Lent Madness: Cuthbert vs. Molly Brant

March 16, 2015 Comments Off on Lent Madness: Cuthbert vs. Molly Brant

Lent Madness 2015Kamehameha ran off with the votes, 61% to David Oakerhater’s 39% on the Lent Madness site. But on the St. Luke’s site, David Oakerhater eeked out a win 54% to 46%.

The next match up in the Saintly Sixteen is Cuthbert vs. Molly Brant.

Remember: vote at Lent Madness here AND ALSO below the saint bios here so we see how the readers of the St. Luke in the Fields blog compare! Results of this match up will be reported the next day.

cuthbertCuthbert

Perhaps the most beautiful thing that is said of Saint Cuthbert is, “Cuthbert sought to follow Christ.” In this he is like many of the saints but his pattern of life was uniquely Christ-like in ways that shine forth through the centuries. No fewer than 22 lives of Cuthbert were written in the Middle Ages and his Christ-focused living is an example to all Christians.

In a Kingdom awash in both great violence and wealth, Cuthbert’s counter-cultural simplicity and kindness were a source of powerful spiritual inspiration. Stories were long told of the miracles of his life but also of enduring import were stories of his very human kindness. Upon his death, his legend grew and a significant cult emerged around his memory and relics..Read more here.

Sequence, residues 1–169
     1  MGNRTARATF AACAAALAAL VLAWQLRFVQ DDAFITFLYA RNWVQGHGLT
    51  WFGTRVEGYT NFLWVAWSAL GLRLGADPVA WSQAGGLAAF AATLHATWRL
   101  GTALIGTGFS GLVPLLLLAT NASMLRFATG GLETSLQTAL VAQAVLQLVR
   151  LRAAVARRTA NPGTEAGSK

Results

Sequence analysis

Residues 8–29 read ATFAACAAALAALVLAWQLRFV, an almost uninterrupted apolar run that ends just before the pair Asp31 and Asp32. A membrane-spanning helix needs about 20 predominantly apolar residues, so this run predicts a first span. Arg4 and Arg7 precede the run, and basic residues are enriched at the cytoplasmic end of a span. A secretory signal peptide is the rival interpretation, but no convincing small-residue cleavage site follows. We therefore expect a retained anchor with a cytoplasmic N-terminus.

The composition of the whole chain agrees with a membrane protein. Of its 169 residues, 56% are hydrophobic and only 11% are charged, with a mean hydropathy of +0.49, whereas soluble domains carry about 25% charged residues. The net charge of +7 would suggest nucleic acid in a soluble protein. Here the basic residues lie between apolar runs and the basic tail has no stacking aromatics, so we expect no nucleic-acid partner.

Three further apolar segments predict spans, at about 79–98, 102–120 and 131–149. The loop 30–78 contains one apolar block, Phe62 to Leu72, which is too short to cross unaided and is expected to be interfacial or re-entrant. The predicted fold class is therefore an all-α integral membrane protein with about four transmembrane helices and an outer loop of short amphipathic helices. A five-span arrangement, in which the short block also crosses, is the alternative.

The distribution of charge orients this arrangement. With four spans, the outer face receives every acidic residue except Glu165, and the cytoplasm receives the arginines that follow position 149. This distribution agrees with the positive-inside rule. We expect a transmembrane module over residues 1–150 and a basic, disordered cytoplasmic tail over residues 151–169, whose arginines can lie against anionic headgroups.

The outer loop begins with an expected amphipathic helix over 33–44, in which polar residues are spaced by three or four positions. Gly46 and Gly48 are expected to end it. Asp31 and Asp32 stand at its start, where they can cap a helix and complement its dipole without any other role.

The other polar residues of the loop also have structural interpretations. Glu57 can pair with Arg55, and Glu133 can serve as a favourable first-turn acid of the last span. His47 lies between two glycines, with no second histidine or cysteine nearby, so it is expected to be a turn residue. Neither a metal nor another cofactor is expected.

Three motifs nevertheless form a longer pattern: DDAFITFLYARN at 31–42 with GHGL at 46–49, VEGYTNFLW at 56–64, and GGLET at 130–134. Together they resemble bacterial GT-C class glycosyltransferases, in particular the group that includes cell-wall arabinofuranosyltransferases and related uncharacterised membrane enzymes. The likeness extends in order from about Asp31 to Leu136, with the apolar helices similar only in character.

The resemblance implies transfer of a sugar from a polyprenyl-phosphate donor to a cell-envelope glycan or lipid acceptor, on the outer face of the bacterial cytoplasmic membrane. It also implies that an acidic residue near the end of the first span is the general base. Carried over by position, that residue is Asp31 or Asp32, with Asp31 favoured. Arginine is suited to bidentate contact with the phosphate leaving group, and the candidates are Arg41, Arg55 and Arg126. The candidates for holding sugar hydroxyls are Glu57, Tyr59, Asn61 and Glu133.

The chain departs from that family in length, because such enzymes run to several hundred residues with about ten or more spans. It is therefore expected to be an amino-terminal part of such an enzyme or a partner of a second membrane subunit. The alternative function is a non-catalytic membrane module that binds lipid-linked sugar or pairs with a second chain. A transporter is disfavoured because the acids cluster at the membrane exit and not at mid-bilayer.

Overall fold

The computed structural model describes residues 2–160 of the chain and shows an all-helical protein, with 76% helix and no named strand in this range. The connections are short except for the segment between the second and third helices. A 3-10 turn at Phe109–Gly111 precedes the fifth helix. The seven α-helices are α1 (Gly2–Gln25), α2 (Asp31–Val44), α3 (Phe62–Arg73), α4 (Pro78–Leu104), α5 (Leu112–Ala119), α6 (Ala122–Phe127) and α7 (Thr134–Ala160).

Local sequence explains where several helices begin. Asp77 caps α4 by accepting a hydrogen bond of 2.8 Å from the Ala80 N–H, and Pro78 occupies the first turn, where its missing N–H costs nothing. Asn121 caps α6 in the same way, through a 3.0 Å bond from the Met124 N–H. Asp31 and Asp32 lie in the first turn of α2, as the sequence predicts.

8fdb5086-619a-4ea0-b146-995510eff36c-250x300Molly Brant

Even as a young child, Molly Brant exhibited a gift for leadership. In 1754, at the age of 18, Molly traveled with her stepfather and other Mohawk leaders to Philadelphia to contest the fraudulent sale of Native territory. It was there, historians believe, that Molly got her first taste in the art of negotiation and compromise.

Molly continued to put these skills to use when she became a wife, mother (to 8 children!), and tribal leader. She frequently led the Bureau of Indian Affairs on behalf of her common-law husband Sir William Johnson when he was away. Although Molly received an education from Christian missionaries and was a devout Anglican, she retained a respectful devotion to many Mohawk customs, which allowed her to serve as a consensus-builder between two nations..Read more here.

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